This October I had the privilege of participating in the IBM-Watson-Conversation Hackathon in London, as part of a five person BBC team. We eventually won out of the fifteen teams that participated, with our combination of technology, ‘human interest’ and humour being noted.
These guys, right here….
The brief was simple: use IBM’s Watson powered Conversation engine to create a chatbot, integrating with Watson’s other Artificial Intelligence based APIs (e.g tone analysis, image recognition, context based news etc).
Conversation is a Natural Language Processing (NLP) engine, that allows the construction of non-linear, non-brittle dialogs. It’s integrated into a wider eco-system of IBM and Watson based products, using the IBM BlueMix cloud platform as its bedrock, so getting off the ground is as easy-as-pie. It also enables integration with select external services such as Foursquare and Twilio.
Our idea was a mobile based dating assistant, called wingApp! The idea was that you could enter things like ‘He comes from Italy’ and it would suggest new stories from Italy, or something like ‘she really like me’ and it’ll suggest nearby venues to move onto. All this was done in a very tongue in cheek way, with our own little mascot picture; the app would even give you a ‘get out’ call on your phone if the date goes south!
Each of us had our own roles: one of us did UX design (including the mascot!), another of us integrated with Facebook messenger and so on. I managed to get the hang of the Conversation dialog and training engine very quickly, so I was charged mainly with turning the teams ideas into plausible statements and responses.
Conversation In Detail:
The Conversation platform works by looking for Intents in the users inputs, matching any Entities that it recognises, and responding accordingly. So, the input phrase ‘She works as a Doctor’ could match the Intent of ‘looking for something to talk about’ (as in the user intends to find something related to their date), and the Entity of ‘Doctor’.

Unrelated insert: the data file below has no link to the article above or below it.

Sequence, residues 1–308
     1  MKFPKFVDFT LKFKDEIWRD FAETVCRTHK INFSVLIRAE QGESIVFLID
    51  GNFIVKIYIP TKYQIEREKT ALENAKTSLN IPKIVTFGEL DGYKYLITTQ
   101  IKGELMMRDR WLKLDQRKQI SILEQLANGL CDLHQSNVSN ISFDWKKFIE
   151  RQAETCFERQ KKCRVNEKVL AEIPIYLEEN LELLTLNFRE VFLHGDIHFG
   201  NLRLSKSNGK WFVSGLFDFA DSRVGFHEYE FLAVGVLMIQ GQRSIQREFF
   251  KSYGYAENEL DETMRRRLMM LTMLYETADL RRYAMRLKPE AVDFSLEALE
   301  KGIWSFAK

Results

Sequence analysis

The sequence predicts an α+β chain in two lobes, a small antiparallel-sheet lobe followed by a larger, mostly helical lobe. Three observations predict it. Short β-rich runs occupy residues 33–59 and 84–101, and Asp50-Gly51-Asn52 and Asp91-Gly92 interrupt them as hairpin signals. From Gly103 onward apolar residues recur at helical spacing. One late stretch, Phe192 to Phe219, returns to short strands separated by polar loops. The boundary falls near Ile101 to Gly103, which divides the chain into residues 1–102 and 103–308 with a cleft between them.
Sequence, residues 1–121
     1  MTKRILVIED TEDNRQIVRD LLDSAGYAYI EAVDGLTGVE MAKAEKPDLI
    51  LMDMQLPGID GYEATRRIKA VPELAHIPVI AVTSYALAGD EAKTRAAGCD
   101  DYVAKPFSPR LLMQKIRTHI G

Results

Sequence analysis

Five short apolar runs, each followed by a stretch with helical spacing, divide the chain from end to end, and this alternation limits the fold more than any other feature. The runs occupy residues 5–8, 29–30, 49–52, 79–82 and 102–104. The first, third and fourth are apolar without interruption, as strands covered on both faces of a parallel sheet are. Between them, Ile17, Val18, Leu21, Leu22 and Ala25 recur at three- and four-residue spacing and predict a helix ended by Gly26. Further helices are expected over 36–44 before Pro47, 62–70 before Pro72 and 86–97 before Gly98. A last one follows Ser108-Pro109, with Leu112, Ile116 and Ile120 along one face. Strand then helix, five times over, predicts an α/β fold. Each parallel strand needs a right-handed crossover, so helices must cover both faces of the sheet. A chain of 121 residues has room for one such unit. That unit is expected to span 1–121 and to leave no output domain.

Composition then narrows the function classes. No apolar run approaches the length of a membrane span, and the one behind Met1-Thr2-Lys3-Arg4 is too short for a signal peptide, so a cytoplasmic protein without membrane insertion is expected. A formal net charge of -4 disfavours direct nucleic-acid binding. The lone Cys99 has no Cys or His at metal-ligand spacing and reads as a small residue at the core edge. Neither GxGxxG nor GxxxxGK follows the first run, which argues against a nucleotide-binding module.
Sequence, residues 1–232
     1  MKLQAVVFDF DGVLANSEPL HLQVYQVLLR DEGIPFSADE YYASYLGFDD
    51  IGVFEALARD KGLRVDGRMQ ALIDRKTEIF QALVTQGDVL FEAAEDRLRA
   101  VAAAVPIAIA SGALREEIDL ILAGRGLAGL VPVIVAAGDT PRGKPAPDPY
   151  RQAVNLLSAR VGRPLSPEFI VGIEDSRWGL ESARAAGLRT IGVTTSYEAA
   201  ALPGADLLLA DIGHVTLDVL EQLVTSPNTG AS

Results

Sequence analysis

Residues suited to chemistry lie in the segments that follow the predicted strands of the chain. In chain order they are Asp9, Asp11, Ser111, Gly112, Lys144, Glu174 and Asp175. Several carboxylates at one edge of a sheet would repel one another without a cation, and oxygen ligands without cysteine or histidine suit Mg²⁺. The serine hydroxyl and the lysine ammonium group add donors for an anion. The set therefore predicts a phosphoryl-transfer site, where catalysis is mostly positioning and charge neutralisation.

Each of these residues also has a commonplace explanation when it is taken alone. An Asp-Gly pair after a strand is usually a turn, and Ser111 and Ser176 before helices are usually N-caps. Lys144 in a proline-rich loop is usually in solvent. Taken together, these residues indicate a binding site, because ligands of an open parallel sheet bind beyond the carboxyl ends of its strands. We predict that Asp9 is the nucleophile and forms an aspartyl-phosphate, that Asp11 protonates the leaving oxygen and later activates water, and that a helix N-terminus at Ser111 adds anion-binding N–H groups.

The main trick here is that the Intents are not hardcoded phrases; rather, you give Conversation a list of example phrases for an Intent, like so:
- She works as a Doctor
- She’s a Doctor
- I think she’s a scientist
- He’s Musician
Eventually Conversation learns the semantic meaning behind these phrase, and variations thereof, so if it encounters a new permutation of the phrase, it still reads the intention correctly. It has its own built in dictionary of words and idioms to draw from too; for example, I trained it to tell a joke in response to “I want to make them laugh”, or “I need a joke”, but it also recognised the intention from “I want to crack her up!”.
This is conceptually simple to grasp, and works well. Instead of relying on a linear flow for the conversation, Conversation finds the Intent behind the message, and uses that as it’s starting point. Further interactions and conversational branches can then be followed.
In my experience the engine worked well in this regards. Obviously we couldn’t explore it’s true potential in the 48 hours that we had to build the chatbot, but once the basics were established we made good steady progress.
The actual interface was very much in ‘beta’, but the underlying system gave us plenty of scope for more advanced things; for example, there is a shared context object between Conversation and other parts of the Watson platform, so we could easily pass information between the various services. Integration with Facebook messenger was obstacle free as well.
One problem I did encounter was that the training cycle (which was kicked off everytime you entered a new Intention or corrected a mis-matched one) was long, about 20 minutes. This probably wasn’t helped by the fact there were 15 other teams in the same building doing the same thing, however I have used other chatbot platforms with similar concepts where there was no learning time (however, I did feel that the quality of Conversations learning was better).
So what did I think overall? If I was to build an NLP based chatbot Watson-Conversation would be my first port of call, just for ease of integration with the other Watson services, the wider BlueMix workflow and toolset, and the ease of setup. Wit.ai (another chatbot platform) seems more integrated into Facebook, and is possibly quicker to get off the ground with, but it doesn’t have access to the wider IBM ecosystem, and doesn’t work as well in my (limited) experience.
The Human Factor:
One thing that is missing from my description above is that our chatbot was funny and engaged with the user ‘in a human way’; this was picked up on by the judges, and indeed is arguably the whole reason behind Conversation and NLP.
‘Information Technology’ is, at the end of the day, always about trying to solve a human problem, and both Developers and Business managers would do well to remember that.